Asystole: ACLS Quick Study Guide to Causes & Treatment
Asystole is usually diagnosed following a physical examination where no pulse is detected or through cardiac monitoring such as an electrocardiogram (ECG). On an ECG tracing, asystole appears as a flatline:
“Asystole” on the ECG monitor may be caused by a disconnected electrode. Also, certain cardiac conduction disturbances can create transient pauses. The differential diagnosis should be made by considering the mechanism (e.g., suddenly happens then suddenly reverses). The condition of the patient prior to the event will provide the most relevant information for making the diagnosis.
Standard asystole treatment involves cardiopulmonary resuscitation, or CPR, and intravenous administration of epinephrine given every three to five minutes as needed. When a reversible underlying cause is found, that cause should be treated directly to reverse asystole. Some theoretically reversible causes of asystole include:
- Cardiac Tamponade
- Coronary and Pulmonary Thrombosis
- Hydrogen ion (acidosis)
- Tension pneumothorax
Because asystole is not a shockable rhythm, defibrillation is not an effective asystole treatment. Researchers estimate that less than two percent of people who suffer asystole outside of the hospital will survive–even with trained emergency intervention.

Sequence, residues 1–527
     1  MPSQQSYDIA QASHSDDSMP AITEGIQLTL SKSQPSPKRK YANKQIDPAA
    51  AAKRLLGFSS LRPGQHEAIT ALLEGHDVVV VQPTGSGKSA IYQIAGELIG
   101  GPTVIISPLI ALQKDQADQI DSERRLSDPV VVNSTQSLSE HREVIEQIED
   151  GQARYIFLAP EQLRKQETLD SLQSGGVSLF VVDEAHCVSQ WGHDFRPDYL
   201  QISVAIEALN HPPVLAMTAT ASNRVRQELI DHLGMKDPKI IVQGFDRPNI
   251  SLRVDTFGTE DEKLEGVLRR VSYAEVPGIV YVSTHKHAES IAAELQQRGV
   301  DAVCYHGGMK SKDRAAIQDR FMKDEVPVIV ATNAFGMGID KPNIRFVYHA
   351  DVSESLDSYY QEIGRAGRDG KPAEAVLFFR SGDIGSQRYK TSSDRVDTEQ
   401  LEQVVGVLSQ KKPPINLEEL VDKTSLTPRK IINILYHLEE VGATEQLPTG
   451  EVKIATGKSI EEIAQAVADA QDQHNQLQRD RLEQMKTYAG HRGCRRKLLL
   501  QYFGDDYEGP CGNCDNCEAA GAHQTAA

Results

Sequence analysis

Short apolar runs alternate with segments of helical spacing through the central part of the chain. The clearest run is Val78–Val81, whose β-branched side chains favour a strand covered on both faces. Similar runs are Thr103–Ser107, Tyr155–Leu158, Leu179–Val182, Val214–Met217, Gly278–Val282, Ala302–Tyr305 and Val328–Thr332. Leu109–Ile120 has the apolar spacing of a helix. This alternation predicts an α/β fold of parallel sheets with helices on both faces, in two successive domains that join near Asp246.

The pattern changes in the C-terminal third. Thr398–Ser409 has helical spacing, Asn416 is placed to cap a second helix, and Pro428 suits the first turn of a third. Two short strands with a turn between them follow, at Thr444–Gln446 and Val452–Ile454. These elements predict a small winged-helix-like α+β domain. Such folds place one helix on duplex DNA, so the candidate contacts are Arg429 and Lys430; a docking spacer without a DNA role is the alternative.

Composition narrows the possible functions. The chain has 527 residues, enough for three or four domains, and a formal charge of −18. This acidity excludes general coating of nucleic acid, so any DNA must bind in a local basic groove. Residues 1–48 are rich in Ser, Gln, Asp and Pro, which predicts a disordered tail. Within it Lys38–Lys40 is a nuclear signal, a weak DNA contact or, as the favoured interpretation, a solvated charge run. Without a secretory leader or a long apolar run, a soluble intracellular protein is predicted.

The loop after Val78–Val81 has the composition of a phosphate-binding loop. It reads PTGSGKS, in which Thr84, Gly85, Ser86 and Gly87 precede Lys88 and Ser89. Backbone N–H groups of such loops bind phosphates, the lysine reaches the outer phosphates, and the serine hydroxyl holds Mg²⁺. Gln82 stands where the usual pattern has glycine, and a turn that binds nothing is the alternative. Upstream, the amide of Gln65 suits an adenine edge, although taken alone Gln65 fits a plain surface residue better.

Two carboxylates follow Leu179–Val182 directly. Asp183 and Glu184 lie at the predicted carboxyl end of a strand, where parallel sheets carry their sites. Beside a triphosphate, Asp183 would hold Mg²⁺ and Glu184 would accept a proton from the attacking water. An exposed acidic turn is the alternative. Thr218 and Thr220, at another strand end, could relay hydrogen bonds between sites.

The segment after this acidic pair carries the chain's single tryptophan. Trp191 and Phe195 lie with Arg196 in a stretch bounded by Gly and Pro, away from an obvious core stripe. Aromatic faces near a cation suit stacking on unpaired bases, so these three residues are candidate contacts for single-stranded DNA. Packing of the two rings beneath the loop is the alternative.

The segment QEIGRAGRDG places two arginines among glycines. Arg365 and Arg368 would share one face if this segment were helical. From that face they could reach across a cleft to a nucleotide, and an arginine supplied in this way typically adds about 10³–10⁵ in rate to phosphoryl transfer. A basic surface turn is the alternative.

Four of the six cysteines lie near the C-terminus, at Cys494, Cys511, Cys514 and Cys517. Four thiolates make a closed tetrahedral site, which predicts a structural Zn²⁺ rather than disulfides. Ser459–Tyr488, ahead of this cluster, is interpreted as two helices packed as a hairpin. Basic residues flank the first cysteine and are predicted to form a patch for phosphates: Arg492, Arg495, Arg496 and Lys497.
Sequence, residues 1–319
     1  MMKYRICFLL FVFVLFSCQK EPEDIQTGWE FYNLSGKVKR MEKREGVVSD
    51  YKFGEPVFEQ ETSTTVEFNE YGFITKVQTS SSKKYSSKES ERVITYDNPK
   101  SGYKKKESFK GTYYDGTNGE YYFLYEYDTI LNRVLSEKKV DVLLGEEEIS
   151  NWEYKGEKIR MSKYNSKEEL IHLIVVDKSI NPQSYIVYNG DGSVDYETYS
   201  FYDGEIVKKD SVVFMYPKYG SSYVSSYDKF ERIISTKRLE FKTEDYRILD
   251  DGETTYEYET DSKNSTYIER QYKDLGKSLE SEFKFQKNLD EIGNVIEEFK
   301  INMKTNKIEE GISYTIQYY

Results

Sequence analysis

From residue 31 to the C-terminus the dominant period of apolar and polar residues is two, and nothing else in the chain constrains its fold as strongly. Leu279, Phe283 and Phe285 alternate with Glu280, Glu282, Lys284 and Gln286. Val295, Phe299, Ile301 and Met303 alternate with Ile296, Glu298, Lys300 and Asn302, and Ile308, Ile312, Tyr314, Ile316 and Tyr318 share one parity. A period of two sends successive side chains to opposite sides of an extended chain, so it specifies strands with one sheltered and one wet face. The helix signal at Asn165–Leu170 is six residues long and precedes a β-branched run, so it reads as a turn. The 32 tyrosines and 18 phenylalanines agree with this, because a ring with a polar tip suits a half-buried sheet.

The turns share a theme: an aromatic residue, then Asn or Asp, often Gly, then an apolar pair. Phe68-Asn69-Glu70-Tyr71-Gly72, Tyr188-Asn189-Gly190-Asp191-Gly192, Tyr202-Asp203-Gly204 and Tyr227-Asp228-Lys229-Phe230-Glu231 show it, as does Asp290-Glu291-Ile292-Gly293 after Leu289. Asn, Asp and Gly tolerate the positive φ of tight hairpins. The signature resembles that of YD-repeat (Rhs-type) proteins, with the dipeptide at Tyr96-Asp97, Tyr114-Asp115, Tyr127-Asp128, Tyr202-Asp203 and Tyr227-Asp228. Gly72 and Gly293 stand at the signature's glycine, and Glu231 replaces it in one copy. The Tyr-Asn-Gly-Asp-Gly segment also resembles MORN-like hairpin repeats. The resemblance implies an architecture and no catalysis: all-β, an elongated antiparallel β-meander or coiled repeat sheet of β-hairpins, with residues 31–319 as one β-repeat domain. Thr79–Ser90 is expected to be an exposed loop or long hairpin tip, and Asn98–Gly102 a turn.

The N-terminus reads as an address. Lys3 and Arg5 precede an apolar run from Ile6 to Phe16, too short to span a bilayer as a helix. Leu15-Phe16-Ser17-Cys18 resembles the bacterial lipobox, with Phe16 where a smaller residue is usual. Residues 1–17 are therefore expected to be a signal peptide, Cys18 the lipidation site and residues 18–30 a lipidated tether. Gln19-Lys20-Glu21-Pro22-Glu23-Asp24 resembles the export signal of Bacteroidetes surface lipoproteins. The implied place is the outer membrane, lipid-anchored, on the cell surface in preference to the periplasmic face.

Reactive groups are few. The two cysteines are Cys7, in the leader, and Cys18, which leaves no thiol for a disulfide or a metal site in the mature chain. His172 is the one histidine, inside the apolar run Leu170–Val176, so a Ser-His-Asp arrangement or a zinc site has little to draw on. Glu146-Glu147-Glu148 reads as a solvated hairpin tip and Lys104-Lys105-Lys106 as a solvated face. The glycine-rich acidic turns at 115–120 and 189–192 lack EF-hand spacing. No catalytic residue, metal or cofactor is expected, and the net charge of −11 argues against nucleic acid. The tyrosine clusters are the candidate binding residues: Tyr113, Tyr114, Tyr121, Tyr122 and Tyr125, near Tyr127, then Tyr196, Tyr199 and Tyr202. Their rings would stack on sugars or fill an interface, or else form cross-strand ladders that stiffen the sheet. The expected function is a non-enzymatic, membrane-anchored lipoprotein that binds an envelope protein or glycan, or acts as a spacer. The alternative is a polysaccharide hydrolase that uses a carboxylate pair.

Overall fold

Asystole Treatment Algorithm
- Conduct an initial patient assessment, checking for respirations and pulse
- If patient is not breathing and has no pulse, start CPR
- Establish an airway and administer oxygen to keep oxygen saturation above 94%
- Attach monitor/defibrillator to confirm asystole in at least two leads
- Continue CPR at 100-120 compressions per minute being sure to change emergency team members every 2 minutes to sustain quality CPR
- Establish IV or IO access while someone else on the team continues CPR, and administer 1mg epinephrine every 3 to 5 minutes as needed
- Check for heart rhythm after 2 minutes of CPR
- Check for reversible causes of asystole and treat those
- As soon as return of spontaneous circulation (ROSC) occurs, begin Post Cardiac Arrest Care
For more information on asystole and to review the cardiac arrest algorithm, check the ACLS Provider Manual. You can purchase the manual here or receive it as part of your tuition when you register for ACLS certification.